By Robert Fullingim / Staff Writer
LBCC has plans to modernize its curriculum, which will bring more technologically advanced programs to PCC.
The end of the Spring semester saw 11 programs cut from LBCC, with most coming from PCC. The cuts were opposed by students, faculty and the community, but the Board of Trustees chose to continue with the cuts proposed by the administration.
Trustee Jeff Kellogg said in a previous statement, “Program discontinuance is part of the administration’s plan to restructure programs to adapt to the technological advances and students’ needs.” When talking about the discontinued programs and the administration’s plans moving forward, he said “The programs have no chance of returning. I know nobody wants to hear that, but it’s true. LBCC plans to move forward with new programs. Emerging careers and professions like cyber technology. Programs like that are not offered and it is a new industry that meets a huge demand.”
Kellogg gave no time frame for when new programs will be available. Instead, he said, “Developing curriculum is a long process and Community Colleges move slower than private schools. For this reason we need to be on the cutting edge.”
This is a new trend seen in all levels of education. Long Beach Unified School District is introducing a similar curriculum to the one planned at LBCC. The new Ernest S. McBride High School is a modern school offering advanced Career Technological Education. The schoolwas built by funds from voter approved Measure K ballot initiative that is similar to the Measure E initiative used to fund the construction at LBCC.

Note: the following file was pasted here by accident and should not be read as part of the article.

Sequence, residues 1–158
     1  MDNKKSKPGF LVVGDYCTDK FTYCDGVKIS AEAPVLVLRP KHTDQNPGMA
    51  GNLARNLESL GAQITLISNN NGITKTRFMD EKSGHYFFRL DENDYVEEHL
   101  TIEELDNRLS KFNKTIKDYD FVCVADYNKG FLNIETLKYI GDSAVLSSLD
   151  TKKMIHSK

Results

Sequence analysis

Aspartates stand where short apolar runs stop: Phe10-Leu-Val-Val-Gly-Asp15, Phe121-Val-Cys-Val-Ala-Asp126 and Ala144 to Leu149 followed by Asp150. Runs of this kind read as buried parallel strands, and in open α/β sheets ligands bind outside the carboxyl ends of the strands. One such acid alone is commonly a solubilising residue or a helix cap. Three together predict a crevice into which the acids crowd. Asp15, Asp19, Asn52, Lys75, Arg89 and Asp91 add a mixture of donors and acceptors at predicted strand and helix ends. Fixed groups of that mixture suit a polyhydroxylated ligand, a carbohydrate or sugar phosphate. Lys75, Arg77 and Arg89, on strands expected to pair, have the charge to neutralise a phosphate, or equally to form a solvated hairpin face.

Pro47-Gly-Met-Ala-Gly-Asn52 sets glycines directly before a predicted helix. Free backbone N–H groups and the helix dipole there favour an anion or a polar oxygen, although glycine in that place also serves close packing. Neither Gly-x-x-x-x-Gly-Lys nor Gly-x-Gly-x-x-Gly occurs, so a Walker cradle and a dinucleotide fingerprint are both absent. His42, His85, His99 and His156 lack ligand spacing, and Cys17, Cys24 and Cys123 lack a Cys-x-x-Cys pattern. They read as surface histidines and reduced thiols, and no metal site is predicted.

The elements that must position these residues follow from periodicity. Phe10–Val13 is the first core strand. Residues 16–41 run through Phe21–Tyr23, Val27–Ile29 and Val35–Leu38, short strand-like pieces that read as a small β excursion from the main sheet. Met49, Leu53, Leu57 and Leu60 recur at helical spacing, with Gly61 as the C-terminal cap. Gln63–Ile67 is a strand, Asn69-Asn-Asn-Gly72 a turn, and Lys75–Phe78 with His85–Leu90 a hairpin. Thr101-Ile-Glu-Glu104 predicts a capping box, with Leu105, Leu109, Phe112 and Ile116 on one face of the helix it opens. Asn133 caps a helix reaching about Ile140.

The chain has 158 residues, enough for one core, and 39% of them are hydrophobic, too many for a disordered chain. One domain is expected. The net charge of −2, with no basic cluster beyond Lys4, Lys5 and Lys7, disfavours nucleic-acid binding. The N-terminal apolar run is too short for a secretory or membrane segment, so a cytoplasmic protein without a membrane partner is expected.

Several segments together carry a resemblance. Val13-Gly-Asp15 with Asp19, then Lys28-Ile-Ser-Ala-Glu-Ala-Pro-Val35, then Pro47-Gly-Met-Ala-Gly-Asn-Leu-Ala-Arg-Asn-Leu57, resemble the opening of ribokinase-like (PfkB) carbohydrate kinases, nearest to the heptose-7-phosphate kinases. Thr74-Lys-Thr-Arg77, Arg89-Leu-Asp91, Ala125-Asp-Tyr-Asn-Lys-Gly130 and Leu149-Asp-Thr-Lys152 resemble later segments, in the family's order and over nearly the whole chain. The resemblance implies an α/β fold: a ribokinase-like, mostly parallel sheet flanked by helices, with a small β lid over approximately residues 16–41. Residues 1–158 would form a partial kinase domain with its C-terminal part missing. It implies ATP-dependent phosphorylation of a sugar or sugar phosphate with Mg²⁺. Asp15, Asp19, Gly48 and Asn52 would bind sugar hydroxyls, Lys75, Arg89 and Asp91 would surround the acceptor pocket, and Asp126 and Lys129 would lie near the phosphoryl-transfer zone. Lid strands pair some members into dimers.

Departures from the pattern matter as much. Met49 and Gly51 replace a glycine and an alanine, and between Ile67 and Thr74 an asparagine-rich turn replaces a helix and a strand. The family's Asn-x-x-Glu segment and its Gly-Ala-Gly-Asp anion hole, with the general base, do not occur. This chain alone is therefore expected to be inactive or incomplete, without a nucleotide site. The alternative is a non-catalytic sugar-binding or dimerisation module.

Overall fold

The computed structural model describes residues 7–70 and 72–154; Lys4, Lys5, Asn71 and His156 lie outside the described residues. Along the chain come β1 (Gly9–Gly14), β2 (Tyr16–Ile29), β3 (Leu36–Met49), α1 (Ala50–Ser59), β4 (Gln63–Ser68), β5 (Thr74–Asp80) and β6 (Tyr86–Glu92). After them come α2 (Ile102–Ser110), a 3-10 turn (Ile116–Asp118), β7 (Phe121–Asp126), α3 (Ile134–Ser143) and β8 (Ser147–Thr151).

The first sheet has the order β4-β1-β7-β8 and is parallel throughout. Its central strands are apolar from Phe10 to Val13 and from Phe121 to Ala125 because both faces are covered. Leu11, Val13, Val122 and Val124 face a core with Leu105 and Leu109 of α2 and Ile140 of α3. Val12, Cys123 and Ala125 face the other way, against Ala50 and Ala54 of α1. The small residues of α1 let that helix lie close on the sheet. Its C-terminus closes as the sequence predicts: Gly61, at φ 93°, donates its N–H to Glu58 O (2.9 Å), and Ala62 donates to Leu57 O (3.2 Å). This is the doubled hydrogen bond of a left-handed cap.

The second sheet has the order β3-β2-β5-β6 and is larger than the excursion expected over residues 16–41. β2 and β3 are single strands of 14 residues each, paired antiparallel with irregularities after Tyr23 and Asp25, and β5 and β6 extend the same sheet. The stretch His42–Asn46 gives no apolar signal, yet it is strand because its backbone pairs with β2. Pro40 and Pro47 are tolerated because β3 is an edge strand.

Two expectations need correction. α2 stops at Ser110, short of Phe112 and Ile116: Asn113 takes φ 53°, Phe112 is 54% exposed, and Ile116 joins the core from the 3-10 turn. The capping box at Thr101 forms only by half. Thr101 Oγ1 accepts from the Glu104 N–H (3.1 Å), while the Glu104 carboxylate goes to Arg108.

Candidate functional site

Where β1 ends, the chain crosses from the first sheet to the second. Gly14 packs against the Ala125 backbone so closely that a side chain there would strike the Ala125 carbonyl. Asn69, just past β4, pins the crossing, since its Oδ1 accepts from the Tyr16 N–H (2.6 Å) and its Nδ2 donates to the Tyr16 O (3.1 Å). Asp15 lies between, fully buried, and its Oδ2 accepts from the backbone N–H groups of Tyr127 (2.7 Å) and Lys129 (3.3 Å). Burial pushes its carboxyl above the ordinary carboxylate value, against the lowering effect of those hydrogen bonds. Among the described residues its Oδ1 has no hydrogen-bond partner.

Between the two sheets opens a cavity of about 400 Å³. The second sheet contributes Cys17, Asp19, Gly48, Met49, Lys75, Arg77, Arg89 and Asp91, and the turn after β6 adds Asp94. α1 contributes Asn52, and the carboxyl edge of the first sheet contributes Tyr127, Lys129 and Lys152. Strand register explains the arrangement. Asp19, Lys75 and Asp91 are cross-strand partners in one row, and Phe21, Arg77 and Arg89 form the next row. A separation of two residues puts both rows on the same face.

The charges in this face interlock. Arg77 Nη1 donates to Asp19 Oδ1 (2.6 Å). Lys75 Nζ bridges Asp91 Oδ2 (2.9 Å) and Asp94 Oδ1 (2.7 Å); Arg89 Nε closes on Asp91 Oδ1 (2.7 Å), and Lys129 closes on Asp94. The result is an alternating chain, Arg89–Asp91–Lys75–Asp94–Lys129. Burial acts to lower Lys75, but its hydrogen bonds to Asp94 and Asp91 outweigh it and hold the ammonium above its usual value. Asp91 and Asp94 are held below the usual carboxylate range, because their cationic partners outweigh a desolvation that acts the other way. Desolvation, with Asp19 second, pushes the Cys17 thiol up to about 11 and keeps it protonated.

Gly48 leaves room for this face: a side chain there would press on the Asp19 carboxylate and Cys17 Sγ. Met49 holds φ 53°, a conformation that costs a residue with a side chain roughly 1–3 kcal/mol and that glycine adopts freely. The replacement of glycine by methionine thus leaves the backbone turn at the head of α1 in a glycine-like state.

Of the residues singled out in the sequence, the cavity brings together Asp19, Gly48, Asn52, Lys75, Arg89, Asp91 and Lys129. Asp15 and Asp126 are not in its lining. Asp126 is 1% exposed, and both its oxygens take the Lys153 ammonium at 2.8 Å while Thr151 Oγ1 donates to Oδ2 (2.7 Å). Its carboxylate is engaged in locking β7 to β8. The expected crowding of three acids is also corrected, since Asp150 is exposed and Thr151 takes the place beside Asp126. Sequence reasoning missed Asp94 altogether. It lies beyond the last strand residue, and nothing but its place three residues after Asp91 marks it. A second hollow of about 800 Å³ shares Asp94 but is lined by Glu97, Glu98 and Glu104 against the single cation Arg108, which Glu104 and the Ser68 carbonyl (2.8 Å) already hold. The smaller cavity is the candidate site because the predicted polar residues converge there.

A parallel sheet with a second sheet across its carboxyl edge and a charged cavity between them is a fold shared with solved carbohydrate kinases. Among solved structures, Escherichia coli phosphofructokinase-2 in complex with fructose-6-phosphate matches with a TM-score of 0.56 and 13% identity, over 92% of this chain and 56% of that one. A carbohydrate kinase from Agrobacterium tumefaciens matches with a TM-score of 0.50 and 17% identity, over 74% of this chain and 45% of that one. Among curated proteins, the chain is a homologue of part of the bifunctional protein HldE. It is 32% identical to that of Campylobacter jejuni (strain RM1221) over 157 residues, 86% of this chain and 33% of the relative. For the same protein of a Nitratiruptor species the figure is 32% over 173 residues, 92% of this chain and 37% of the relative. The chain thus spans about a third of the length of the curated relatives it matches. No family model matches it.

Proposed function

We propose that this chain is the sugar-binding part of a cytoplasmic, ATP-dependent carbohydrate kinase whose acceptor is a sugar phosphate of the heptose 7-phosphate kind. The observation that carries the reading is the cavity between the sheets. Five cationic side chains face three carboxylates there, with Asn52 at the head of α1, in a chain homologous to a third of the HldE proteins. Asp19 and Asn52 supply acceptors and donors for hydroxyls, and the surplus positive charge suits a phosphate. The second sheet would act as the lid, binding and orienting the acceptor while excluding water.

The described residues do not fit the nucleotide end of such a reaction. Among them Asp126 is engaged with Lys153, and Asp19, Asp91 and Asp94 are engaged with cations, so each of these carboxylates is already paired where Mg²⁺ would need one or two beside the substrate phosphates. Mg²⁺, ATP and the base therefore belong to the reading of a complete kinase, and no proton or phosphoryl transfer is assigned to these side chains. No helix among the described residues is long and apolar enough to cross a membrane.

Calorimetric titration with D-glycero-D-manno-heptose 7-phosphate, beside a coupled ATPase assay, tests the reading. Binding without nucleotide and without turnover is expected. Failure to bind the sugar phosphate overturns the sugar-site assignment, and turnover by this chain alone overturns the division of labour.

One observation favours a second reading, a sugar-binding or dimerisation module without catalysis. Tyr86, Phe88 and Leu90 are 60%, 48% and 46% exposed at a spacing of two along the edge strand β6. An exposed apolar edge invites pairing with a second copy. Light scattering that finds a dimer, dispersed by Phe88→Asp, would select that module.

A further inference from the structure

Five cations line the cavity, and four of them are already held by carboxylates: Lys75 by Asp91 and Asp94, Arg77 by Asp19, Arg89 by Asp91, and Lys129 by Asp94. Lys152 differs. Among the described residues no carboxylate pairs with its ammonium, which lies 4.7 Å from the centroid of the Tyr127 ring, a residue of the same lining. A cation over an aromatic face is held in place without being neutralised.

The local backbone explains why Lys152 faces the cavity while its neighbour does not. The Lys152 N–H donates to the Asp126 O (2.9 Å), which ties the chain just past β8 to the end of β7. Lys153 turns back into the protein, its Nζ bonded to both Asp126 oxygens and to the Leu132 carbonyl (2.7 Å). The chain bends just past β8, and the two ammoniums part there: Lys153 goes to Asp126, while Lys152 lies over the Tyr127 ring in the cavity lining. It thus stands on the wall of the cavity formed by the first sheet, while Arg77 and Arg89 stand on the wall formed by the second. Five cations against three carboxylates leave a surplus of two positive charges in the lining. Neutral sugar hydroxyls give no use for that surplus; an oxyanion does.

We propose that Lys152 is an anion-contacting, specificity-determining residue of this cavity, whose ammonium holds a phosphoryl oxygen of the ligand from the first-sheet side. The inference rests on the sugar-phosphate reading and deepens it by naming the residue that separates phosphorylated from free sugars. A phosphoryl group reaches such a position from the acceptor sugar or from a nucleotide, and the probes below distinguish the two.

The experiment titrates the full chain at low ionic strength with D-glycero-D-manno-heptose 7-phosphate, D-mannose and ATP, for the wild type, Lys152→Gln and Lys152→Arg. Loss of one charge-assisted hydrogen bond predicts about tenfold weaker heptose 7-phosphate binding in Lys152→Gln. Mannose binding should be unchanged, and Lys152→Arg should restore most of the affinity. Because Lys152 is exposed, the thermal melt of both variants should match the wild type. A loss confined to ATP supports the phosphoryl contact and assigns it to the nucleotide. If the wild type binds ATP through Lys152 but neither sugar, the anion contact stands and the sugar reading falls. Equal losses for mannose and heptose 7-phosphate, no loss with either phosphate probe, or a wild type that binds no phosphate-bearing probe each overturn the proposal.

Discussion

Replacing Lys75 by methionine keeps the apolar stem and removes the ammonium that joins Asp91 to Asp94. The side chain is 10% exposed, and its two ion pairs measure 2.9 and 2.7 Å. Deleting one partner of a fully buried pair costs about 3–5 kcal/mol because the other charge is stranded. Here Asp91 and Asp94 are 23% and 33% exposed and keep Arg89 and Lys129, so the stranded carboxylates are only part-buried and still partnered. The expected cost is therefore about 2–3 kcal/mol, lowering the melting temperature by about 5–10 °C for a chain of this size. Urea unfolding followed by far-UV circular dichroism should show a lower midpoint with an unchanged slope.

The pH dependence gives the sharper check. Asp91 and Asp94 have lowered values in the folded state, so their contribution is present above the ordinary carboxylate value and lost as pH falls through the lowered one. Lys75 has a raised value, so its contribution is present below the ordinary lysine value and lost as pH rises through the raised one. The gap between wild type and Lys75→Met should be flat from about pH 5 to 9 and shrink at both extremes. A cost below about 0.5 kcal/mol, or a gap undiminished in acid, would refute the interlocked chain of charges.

District Superintendent Chris Steinhauser said, “McBride offers an advanced CTE curriculum in three pathways: engineering, forensic science and biology. The development for McBride happened over a period of 10 years. Small learning communities were developed where students gave feedback and career modules were created reflecting their interests.”
Safir Wazed, 23, an engineering major at LBCC, was at the public opening of McBride with his sister Fariba, 14, who was one of the 210 freshmen chosen to attend McBride during its first year. Safir said “The program is similar to CAMS (a high school program held on the campus of Cal State Dominguez Hills), but this is closer, newer, and is an independent school.”
McBride reflects the direction in which LBCC wants to take its career programs at the PCC. Kellogg said, “Some of the space will be used for the remaining vocational programs and the rest will be to expand the academic curriculum.”
Marilyn Brock, interim dean of the career department said, “I am excited to be at LBCC now as it begins to emerge from a difficult period of budget reductions. I do not anticipate further reductions to programs. The focus now is to support and strengthen existing programs while also developing new programs to meet local workforce needs.”